Horse owners are encouraged to keep a travel diary or other records of where their horse has been. 

Movement database

There is no movement database for horses like the NLIS. However, horse owners are encouraged as best practice to keep records of the PICs of land where their horses have been for at least 2 years.

Each year Local Land Services will send a Land and Stock Return to the owner of every property that has a PIC.

This asks for vital information about what species of animals are held on the land.

Selling horses

It is not compulsory to provide a PIC before a horse can be sold. However, buyers are encouraged to ask for the PIC of the property of origin of their new horse, and sellers should request the PIC of the property of destination. 

This will be of assistance if any tracing or horses becomes necessary in the future, and should be part of your biosecurity strategy.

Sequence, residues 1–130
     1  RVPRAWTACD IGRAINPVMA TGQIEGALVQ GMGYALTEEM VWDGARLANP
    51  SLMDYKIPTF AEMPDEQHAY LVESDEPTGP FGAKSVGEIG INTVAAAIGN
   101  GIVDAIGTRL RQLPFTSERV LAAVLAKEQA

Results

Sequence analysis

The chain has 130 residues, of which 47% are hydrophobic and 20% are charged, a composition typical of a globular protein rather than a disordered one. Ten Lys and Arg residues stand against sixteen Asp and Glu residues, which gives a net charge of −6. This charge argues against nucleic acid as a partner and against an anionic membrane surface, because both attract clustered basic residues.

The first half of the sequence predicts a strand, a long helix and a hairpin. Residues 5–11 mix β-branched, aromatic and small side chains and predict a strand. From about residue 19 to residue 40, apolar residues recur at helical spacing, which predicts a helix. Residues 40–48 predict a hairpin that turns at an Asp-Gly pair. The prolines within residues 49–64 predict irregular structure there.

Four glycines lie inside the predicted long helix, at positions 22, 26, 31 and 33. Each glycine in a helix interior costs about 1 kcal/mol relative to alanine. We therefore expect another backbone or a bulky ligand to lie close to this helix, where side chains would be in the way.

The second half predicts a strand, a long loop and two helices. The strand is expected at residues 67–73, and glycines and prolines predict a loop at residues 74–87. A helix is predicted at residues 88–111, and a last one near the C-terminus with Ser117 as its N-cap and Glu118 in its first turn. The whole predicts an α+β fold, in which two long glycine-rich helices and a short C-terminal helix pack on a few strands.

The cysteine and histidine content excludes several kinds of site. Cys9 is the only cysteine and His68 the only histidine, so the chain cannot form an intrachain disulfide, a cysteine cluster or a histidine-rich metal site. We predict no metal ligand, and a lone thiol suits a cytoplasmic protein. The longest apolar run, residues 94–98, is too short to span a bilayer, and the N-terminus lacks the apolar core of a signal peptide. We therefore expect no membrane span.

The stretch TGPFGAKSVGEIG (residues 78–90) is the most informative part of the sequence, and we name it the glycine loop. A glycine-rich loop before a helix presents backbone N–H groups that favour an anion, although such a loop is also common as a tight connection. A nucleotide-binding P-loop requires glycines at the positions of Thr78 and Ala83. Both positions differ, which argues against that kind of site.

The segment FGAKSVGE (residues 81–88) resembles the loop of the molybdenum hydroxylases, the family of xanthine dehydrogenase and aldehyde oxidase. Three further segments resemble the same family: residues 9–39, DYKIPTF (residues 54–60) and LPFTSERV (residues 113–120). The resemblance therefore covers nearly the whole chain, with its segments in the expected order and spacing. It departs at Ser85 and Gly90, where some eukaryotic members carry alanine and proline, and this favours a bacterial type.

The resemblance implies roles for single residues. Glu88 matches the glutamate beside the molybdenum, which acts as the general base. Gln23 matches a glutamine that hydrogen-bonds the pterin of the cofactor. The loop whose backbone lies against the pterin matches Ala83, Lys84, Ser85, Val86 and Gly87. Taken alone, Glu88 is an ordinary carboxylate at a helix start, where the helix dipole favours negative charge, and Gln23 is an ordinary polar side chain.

If I am a trainer with a stable complex on a racetrack, do I use the same PIC as other trainers on the same track?

If your stable is within the boundary of the racecourse itself, yes. The PIC relates to the land parcels held by one individual/entity, for example the Australian Turf Club. Each holding of land should only have one PIC.

You may have a situation where a number of trainers use the one racetrack but the stables are located on separately owned blocks adjacent to a racetrack. In this case, the owner of each block needs to apply for a separate PIC. If a person owned six adjacent blocks, they would obtain one PIC that related to all six blocks.